A couple of weeks ago, I attended an improv show called Spontaneous Broadway, performed by the BATS Improv Main Stage Company.  I searched all over their website to find out what “BATS” means.  It was kind of buried, but it’s Bay Area Theatresports.  This improv troupe is based at Fort Mason, and they perform in the intimate Bayfront Theater.

BATS Improv at Fort Mason

BATS Improv at Fort Mason

When we arrived at the theatre, we were given golf pencils and slips of paper to write down our titles of “songs that have never been written.”  These were collected and placed in a bowl.  Six actors came onstage, three men and three women, with actor Ben Johnson playing host as the other five (Diane Rachel, Barbara Scott, Corey Rosen, Jenny Rosen, and John Remak) grabbed a handful of slips from the bowl.  They sorted through the titles and selected the ones they wanted to use to improvise a song.  The host explained that the audience members were theatre investors being presented with songs from musicals in development.  Then each actor was called up to sing their song and tell us the title of the musical it was from (also invented).  Sometimes the actors performed a solo, but they were also able to recruit as many other performers as they needed.  Even the host got to participate.  A drummer and a keyboard player accompanied the actors.  They went around twice, so most of the actors got to create two songs.  At the end of the first half, the audience members were asked to choose which song they wanted to see developed into a 40-minute improvised musical after the intermission.

I’m still not quite sure how they did it.  As I’ve said many times before, I’m not in the least bit musical, so I have no insight into how you make up a song on the spot.  The musicians may have had a preset list of tunes, known by the actors, because I don’t know how else they could have accompanied the songs.  The songs rhymed, and they were mostly very clever and funny.  Barbara Scott did one dripping with innuendo called “Toasters Are Better Than Toast” from the musical Stayin’ Single.   John Remak had us shaking with laughter singing “The US Geological Survey” from the show 9.6.  Journalists brainstormed stories in Newsroom with the song “A Pencil and A Prostitute.”  Diane Rachel railed against her ex’s new squeeze in the song “Wassup Motherf**ker.”  My favorite was “The Pub’s Closed, Get Out” from the musical Jolly Old England.  This was the song the audience chose for the second act musical.

Because I’m such an anglophile, I was delighted that they were doing a British musical.  The show that the actors improvised probably should have been called Fishy Old England.  It was set in a fish market and a fish restaurant, starring fish sellers and fish chefs.  The British accents were pretty inconsistent, but that just added to the humor.  Diane Rachel seemed to have the most fun stretching out her vowels.  I really liked Corey Rosen, because he had a mischievous twinkle in his eye, and he was so committed to holding his invisible basket of fish.   The show could have had a lot more English references and a lot less fish, but it’s easy to be an armchair critic, not to mention an armchair improviser.  It’s one thing to sit in the audience and think of things you would do, but a different story when you’re on the stage on the spot.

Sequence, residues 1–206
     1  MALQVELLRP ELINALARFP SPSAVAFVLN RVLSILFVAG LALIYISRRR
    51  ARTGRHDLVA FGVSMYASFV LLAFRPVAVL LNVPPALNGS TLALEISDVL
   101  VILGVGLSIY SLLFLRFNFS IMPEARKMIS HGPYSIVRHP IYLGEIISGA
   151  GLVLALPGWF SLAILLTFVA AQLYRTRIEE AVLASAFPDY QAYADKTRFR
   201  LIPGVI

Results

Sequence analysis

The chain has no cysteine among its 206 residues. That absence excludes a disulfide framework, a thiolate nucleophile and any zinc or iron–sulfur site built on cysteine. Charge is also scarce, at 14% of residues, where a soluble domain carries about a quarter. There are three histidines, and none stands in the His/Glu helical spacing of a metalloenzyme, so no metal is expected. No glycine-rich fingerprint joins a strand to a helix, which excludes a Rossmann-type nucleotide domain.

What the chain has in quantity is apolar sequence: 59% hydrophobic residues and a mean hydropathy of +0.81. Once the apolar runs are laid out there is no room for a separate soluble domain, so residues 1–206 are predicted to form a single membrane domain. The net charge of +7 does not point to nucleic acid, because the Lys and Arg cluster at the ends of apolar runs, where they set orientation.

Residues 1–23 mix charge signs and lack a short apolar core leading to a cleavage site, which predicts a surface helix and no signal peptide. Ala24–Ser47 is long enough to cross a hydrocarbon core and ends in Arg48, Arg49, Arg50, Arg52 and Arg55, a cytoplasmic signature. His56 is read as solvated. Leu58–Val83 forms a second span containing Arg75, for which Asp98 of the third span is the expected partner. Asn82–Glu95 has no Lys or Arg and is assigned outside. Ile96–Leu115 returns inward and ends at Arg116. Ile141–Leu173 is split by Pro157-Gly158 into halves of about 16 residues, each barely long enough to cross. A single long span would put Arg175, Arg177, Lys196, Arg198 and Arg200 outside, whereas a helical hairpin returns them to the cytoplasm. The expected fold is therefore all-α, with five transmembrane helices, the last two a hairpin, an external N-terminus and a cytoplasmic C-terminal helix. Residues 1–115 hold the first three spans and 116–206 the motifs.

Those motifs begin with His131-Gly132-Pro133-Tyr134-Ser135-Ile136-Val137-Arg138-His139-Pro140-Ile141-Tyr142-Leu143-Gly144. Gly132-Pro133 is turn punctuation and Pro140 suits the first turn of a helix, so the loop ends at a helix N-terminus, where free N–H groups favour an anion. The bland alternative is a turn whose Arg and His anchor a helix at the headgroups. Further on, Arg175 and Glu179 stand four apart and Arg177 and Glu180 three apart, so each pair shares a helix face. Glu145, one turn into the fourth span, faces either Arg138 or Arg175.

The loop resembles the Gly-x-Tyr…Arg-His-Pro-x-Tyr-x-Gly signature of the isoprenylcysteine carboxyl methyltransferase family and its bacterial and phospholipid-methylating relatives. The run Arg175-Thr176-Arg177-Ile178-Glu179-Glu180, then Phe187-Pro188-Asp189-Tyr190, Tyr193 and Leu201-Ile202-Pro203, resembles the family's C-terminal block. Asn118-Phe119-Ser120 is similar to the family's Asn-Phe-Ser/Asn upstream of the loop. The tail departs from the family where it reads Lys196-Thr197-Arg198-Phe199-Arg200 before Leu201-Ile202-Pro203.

Last Saturday, I went back to the Bayfront Theater for another BATS Improv show called The Life Game.  I got to see things from a different perspective, because this time I was a volunteer.  It’s been years since I worked backstage as a techie, and it was so much fun to be running around a theatre again.  Visiting the lighting booth and going backstage brought back lots of memories.  Three of the actors from Spontaneous Broadway were back for The Life Game, plus another four from the Main Stage Company’s group of nineteen regulars.  Veteran actor Barbara Scott gave each of the volunteers a welcoming hug, and we were invited onstage for introductions with the actors.  I was assigned to concessions, where I sold bottled water, beer, wine, cookies, and candy.  I had a great time.  Not only did the volunteers get to see the performance, we also got a voucher to see another show for free.   This was a particularly good volunteer experience, so I’m doing the improvised Elvis Musical tomorrow, and I’ve also signed up for Warp Speed, an improvised Star Trek.  Sorry, BATS, it looks like your stuck with me now!

Fort Mason, San Francisco

Fort Mason, San Francisco


Filed under Actors, Theatre, Volunteer Work

Frameline Film Festival 2011

San Francisco’s Frameline35 Film Festival by the numbers: 35 years of history and eleven days of over two hundred LGBT feature films, documentaries and shorts shown at four different cinemas.  A dedicated staff plus over four hundred volunteers make it all happen.  This was my third year helping out.  It was my first time as a volunteer captain, which had me supervising ushers at the historic Castro Theatre.  I wasn’t sure I had the skills or the stamina to do the job well, but I survived all my shifts and made an appearance at the closing night party.  I even managed to see a couple of films!